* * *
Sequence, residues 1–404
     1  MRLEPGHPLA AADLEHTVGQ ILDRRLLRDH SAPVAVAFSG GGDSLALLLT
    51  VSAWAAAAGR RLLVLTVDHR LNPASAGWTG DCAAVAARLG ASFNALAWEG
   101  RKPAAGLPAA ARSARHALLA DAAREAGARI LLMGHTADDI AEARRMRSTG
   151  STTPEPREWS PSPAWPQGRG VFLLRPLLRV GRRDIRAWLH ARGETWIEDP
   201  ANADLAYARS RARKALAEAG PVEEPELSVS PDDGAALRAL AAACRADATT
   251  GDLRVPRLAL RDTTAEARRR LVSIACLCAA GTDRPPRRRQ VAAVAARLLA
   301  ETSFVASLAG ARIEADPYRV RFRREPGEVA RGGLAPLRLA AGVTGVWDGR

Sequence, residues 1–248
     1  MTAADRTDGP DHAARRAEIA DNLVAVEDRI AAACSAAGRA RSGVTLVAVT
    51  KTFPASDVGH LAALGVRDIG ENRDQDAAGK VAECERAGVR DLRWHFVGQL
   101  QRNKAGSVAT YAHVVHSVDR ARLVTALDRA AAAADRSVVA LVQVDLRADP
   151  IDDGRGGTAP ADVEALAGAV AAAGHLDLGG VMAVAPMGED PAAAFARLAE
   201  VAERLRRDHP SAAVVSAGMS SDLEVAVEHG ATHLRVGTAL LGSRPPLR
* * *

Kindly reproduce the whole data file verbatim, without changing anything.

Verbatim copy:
Sequence, residues 1–404
     1  MRLEPGHPLA AADLEHTVGQ ILDRRLLRDH SAPVAVAFSG GGDSLALLLT
    51  VSAWAAAAGR RLLVLTVDHR LNPASAGWTG DCAAVAARLG ASFNALAWEG
   101  RKPAAGLPAA ARSARHALLA DAAREAGARI LLMGHTADDI AEARRMRSTG
   151  STTPEPREWS PSPAWPQGRG VFLLRPLLRV GRRDIRAWLH ARGETWIEDP
   201  ANADLAYARS RARKALAEAG PVEEPELSVS PDDGAALRAL AAACRADATT
   251  GDLRVPRLAL RDTTAEARRR LVSIACLCAA GTDRPPRRRQ VAAVAARLLA
   301  ETSFVASLAG ARIEADPYRV RFRREPGEVA RGGLAPLRLA AGVTGVWDGR

Sequence, residues 1–248
     1  MTAADRTDGP DHAARRAEIA DNLVAVEDRI AAACSAAGRA RSGVTLVAVT
    51  KTFPASDVGH LAALGVRDIG ENRDQDAAGK VAECERAGVR DLRWHFVGQL
   101  QRNKAGSVAT YAHVVHSVDR ARLVTALDRA AAAADRSVVA LVQVDLRADP
   151  IDDGRGGTAP ADVEALAGAV AAAGHLDLGG VMAVAPMGED PAAAFARLAE
   201  VAERLRRDHP SAAVVSAGMS SDLEVAVEHG ATHLRVGTAL LGSRPPLR